Bottlenosed Dolphins Suspend Exploration in North Sea

Parts of Cardigan Bay on the Welsh coast may be off limits for oil and gas exploration due to a school of bottlenose dolphins, Energy Minister Malcolm Wicks announced today.

However, part of the Moray Firth, an area in Scotland that is also home to a population of bottlenose dolphins, looks more likely to get the go ahead for an oil and gas exploration licence.

The draft environmental assessments - which are now subject to a three month public consultation - come after a report by the sea mammal research unit at St Andrew's University found that not enough was currently known about the population of the dolphins in the Cardigan Bay area to judge how they might be affected by any exploration.

"Most areas covered by the 24th offshore oil and gas licensing round have had the go ahead but I was concerned about the dolphin populations in Cardigan Bay and also the Moray Firth,” said Wicks. “That's why I commissioned the St Andrew's review into what impact licensing would have on those areas.

"My officials visited Cardigan Bay to hear local views first hand and we also received numerous comments from interested parties concerned about the resident bottlenose dolphin population there. At the moment we don't know enough about the number and distribution of the dolphins to be able to decide if it would be safe to explore that area.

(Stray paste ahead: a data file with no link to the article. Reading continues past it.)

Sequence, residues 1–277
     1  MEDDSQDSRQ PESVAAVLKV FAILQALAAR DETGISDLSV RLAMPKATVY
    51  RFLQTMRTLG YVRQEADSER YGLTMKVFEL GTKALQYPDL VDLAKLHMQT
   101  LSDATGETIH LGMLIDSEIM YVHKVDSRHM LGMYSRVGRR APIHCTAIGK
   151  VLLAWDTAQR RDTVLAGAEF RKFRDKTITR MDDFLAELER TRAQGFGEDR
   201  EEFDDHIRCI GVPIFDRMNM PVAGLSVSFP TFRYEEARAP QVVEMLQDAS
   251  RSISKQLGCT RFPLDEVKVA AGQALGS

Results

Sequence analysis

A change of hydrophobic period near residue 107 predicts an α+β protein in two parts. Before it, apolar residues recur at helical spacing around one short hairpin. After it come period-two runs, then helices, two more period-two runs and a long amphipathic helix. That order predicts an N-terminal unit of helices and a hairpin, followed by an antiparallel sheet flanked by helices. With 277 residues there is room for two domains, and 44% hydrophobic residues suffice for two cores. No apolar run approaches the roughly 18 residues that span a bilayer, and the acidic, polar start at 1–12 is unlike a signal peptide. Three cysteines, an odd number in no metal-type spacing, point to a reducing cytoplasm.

"The oil and gas sector is one of the UK's most important industries. Our role is to encourage the continued development of the North Sea while complying with laws which protect our environment. The draft assessments conclude that there is a clear difference in the amount of information available on the bottlenose dolphin populations in Cardigan Bay and the Moray Firth.

"We know enough about the dolphins at the Moray Firth to make sure that any oil and gas activity is carried out in a manner which minimises or even cancels adverse impacts. We can't currently say the same about Cardigan Bay."

Both draft assessments will now be subject to a three month public consultation.